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United States v. Gjeli

United States Court of Appeals, Third Circuit

August 11, 2017

UNITED STATES OF AMERICA
v.
YLLI GJELI, a/k/a Willie Ylli Gjeli, Appellant in No. 15-1892 FATMIR MUSTAFARAJ, a/k/a Tony Fatmir Mustafaraj, Appellant in No. 15-2521

          Submitted Under Third Circuit LAR 34.1(a) June 12, 2017

         On Appeal from the United States District Court for the Eastern District of Pennsylvania D.C. No. 2-13-cr-00421-001 & 002 District Judge: Honorable William H. Yohn, Jr.

          Edson A. Bostic Tieffa N. Harper Office of the Federal Public Defender Attorneys for Appellant Ylli Gjeli.

          Alison Brill Office of the Federal Public Defender Richard Coughlin For the District of New Jersey Office of Federal Public Defender Eugene P. Tinari Law Offices of Eugene P. Tinari Attorneys for Appellant Fatmir Mustafaraj.

          Louis D. Lappen Robert A. Zauzmer Salvatore L. Astolfi Katherine E. Driscoll Jerome M. Maiatico Office of the United States Attorney Attorneys for Appellee.

          Before: JORDAN, KRAUSE, Circuit Judges and STEARNS, [*] District Judge.

          OPINION

          JORDAN, Circuit Judge.

         Ylli Gjeli and Fatmir Mustafaraj were tried together and convicted of a number of racketeering-related offenses in connection with a loan sharking and illegal gambling operation in Philadelphia. The District Court entered preliminary orders of forfeiture making both men jointly and severally liable for more than $5 million of the proceeds from the criminal operation. Gjeli and Mustafaraj appeal the forfeiture orders and their sentences. During the pendency of this appeal, the Supreme Court issued its opinion in Honeycutt v. United States, reviewing one of the forfeiture statutes at issue here and holding that joint and several liability is unauthorized. 137 S.Ct. 1626, 1630 (2017). In light of that holding, we will remand this case for the District Court to reconsider the forfeiture orders. As to all other issues on appeal, we will affirm.

         I. Background

         In August 2013, a grand jury in the Eastern District of Pennsylvania returned a 26-count indictment against nine co-defendants, including Gjeli and Mustafaraj. The indictment described a violent criminal enterprise, in operation since at least 2002, that made money for its members through "loan sharking, extortion, illegal gambling, and the collection of unlawful debts[.]"[1] (App. at 106.) Gjeli was a "leader and 'boss' of the enterprise who directed other members in the loan sharking activities and illegal gambling business." (App. at 110.) Mustafaraj was a "leader and 'muscle' in the enterprise who regularly assisted … Gjeli and directed other members" of the enterprise. (Id.)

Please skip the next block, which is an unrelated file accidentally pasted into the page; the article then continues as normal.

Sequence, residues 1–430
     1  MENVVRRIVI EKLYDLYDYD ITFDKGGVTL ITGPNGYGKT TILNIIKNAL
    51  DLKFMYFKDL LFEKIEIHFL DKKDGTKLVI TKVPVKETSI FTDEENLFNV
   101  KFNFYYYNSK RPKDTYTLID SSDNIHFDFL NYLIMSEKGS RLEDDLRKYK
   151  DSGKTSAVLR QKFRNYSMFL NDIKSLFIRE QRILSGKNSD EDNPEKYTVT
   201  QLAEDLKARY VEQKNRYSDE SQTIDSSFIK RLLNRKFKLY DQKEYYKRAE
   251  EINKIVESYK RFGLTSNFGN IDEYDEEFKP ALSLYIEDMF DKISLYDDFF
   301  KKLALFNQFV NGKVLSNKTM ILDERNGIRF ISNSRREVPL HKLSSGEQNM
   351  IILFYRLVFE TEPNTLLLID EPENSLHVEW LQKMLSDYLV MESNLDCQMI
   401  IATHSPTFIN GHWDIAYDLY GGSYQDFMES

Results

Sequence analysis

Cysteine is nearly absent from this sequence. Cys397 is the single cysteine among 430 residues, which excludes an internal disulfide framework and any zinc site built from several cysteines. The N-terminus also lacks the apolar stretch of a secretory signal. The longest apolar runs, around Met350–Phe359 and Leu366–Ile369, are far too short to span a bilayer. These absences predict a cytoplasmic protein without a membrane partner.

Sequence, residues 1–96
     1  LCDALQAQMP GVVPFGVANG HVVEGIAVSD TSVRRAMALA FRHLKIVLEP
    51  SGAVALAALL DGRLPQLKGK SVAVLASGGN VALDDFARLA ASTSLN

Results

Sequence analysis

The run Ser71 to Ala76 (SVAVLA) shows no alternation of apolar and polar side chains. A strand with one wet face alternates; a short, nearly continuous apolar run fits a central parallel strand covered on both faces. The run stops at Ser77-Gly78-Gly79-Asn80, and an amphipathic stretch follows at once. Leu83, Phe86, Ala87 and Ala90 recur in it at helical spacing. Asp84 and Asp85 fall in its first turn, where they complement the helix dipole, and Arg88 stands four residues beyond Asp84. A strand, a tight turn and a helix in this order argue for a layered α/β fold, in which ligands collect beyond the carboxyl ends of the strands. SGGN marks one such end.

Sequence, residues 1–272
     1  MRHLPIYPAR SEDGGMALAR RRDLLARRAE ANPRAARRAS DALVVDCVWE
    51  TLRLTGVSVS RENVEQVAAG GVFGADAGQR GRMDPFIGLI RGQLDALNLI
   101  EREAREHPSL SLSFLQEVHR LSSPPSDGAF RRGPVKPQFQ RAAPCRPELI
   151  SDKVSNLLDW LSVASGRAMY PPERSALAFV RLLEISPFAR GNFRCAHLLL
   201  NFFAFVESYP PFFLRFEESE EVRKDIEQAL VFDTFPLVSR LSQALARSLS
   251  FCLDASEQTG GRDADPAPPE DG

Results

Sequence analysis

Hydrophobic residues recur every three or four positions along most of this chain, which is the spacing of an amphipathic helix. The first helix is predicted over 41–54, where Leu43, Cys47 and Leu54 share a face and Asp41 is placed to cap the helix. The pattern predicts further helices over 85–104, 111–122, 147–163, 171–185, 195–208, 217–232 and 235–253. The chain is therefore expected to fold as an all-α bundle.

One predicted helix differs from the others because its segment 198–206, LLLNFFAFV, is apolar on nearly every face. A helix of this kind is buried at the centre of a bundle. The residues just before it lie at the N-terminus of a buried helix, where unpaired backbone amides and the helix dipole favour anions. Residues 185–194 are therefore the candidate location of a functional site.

The indictment charged all of the co-defendants with being members of a RICO conspiracy in violation of 18 U.S.C. § 1962(d). Gjeli and Mustafaraj were also charged with a number of other crimes stemming from the enterprise. Five of the defendants eventually pled guilty, and four, including Gjeli and Mustafaraj, went to trial. The jury found Gjeli guilty on ten counts and Mustafaraj guilty on twelve.[2]The jury did not, however, convict on all counts. In particular, it acquitted Gjeli and Mustafaraj of making an extortionate extension of credit, which was charged in Count 13, and possession of a firearm in furtherance of a crime of violence, which was charged in Count 26.[3] Those specific counts were based on an incident involving Anthony Rodi, a loan recipient with a gambling problem. Rodi testified at trial that, in January 2011, when he asked Mustafaraj and Gjeli for money, they wielded an axe and threatened that higher-ups in their organization in New York would cut Rodi's arm off if he was unable to pay back the loan. Rodi said that Gjeli then instructed Mustafaraj to "go and get it" (App. at 2445), and Mustafaraj left and returned with a firearm that Gjeli pointed at Rodi's head. A co-defendant, George Markakis, who ran the sports betting side of the RICO enterprise, testified that he had expressed concern about Rodi's mounting debts from football betting in 2012, but that Mustafaraj had assured him "they had [Rodi] under control and not to worry about it." (App. at 3589.) Markakis told the jury that Mustafaraj explained that he (Mustafaraj) and Gjeli had "scared" Rodi with "a machete and a pistol." (App. at 3589.)

         At the sentencing hearings for each man, the District Court announced its conclusions under the United States Sentencing Guidelines, after working through calculations involving the grouping of offenses. The imprisonment range for both turned out to be 135 to 168 months. Gjeli was sentenced to 168 months and Mustafaraj to 147.